While not its primary use, SFRM may also provide acoustical treatment and thermal insulation for large areas where the structural members and metal decking are left exposed, but treated with SFRM. This should be thought of as an added benefit since there are other materials specifically made for providing acoustical or thermal insulation.
Spray applied fireproofing is usually not suitable for surfaces exposed to moisture or high humidity levels. The moisture and humidity will deteriorate the products. In addition, the moisture may cause mold growth due to the porous nature of SFRM. However, some manufacturers make SFRM products that are able to handle humidity and freeze-thaw conditions.
Spray Applied Fire Proofing Properties
There are three key properties of SFRMs: density (pcf), bond strength (adhesion/cohesion), and application thickness.
The IBC code amendments have no impact on density requirements which remain independent from bond strength.
Traditionally SFRMs have been divided into three distinct density product groups:
Low, standard, or commercial density (15-21 pcf) products contain gypsum as the binder. Low density SFRMs often provide higher yields and have faster coverage rates when compared with medium density products, which can reduce cost. However, low density products can flake away over time if they are exposed to contact from people, equipment, and even moving air so they should only be used when they are covered or protected.
Medium density (22-39 pcf) fireproofing generally contains a binder made from cement or a mixture of gypsum and cement. This provides a much more stable product that can withstand air movement and minor bumps and scrapes. Medium density fireproofing can be used in an exposed condition, but shouldn’t be used where contact by humans or equipment is possible.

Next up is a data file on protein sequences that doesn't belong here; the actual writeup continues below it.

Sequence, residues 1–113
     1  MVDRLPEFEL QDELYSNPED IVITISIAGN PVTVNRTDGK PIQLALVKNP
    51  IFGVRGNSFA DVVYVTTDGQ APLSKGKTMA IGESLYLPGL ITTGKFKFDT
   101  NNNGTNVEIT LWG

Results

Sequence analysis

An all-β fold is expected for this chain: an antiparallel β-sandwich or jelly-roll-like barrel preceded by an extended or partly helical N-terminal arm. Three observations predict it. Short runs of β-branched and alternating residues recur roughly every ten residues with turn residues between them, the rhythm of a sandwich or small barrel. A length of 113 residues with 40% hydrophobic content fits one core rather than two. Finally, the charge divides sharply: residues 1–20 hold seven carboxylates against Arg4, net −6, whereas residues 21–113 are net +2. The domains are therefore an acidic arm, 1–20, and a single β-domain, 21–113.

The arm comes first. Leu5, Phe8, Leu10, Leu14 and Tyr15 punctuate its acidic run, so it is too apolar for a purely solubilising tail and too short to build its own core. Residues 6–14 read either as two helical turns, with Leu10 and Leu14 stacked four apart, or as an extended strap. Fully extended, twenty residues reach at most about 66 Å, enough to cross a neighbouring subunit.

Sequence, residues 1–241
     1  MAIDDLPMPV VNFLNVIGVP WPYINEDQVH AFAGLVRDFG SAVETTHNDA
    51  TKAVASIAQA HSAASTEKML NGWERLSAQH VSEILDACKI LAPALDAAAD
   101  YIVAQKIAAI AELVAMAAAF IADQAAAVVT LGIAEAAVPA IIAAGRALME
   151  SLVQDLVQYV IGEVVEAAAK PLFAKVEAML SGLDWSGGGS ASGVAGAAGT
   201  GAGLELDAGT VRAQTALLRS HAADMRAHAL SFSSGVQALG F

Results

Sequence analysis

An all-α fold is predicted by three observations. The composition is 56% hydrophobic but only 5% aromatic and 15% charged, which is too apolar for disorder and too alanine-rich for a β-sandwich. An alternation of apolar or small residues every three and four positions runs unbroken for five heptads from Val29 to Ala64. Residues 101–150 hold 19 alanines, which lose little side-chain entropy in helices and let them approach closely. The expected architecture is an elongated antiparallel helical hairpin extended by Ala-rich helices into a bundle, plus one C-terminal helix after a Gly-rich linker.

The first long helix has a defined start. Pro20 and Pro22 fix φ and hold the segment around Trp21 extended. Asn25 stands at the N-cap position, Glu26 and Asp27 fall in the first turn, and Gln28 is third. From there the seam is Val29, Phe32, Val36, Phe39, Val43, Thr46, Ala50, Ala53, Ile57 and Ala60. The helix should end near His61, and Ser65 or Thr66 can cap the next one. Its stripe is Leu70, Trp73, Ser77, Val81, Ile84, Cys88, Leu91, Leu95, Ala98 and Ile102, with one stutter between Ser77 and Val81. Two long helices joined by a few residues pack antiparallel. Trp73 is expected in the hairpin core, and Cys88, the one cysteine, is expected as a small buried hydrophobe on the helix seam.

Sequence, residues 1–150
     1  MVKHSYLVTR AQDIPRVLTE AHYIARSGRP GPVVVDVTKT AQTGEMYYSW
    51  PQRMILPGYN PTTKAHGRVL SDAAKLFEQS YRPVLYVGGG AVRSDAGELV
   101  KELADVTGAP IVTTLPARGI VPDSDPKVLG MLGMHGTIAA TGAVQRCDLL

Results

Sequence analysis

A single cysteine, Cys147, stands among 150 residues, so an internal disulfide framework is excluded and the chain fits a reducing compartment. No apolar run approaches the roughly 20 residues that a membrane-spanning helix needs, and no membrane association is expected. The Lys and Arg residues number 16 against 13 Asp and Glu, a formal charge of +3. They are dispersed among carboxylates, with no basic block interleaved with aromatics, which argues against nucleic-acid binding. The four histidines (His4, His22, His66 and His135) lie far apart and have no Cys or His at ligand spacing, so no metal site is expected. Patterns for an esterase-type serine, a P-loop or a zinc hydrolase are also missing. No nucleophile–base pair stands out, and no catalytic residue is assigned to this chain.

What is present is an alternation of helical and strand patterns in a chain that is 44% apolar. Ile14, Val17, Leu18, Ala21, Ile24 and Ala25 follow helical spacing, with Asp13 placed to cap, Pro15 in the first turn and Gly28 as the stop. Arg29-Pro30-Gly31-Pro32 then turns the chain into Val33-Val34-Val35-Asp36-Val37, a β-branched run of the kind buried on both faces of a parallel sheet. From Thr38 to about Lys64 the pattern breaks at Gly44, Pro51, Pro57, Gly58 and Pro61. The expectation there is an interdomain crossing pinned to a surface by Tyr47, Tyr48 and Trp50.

High density [over 39 pcf] SFRM is usually made with a cement binder, which provides the hardest fireproofing product. High density is usually used in mechanical rooms and parking garages since it can withstand bumps and scrapes better than the lower densities.
Bond strength of spray applied fireproofing was spotlighted in the aftermath of the attacks on the World Trade Center in 2001. In this tragedy, the fireproofing was knocked off the steel columns and beams, which made them susceptible to the high temperatures of the fires that erupted.
The IBC code maintains the original 150 psf bond strength requirement for non-high-rise buildings under 75ft tall, but adds two new bond strength requirements for high-rise buildings with an occupied floor located more than 75ft above the lowest level of fire department vehicle access.
|HEIGHT OF BUILDING||SFRM BOND STRENGTH|
|0-75 feet (Non-high-rise)||150 psf|
|75-420 feet (High-rise)||430 psf|
|Over 420 feet (High-rise)||1,000 psf|
The minimum bond strength requirement should be applied throughout a building requiring SFMR application.
It is a misconception that medium density SFRMs should be specified to meet high-rise building code requirements. Until recently, the only way to meet the new code requirements was to specify a medium density SFRM product because the market lacked low density products that could achieve bond strengths in excess of 430 psf. However several new low density products can now achieve the bond strength requirements for high-rise applications.
The international Building Code provides the fire resistance ratings required for various structural members in a building. The UL Fire Resistance Directory provides ratings for various SFRM assemblies in their group 700-899.
Manufacturers provide the thicknesses of their products needed to meet the various hourly ratings. These are based on the type and size of the structural members being protected.
Application of Spray Applied Fireproofing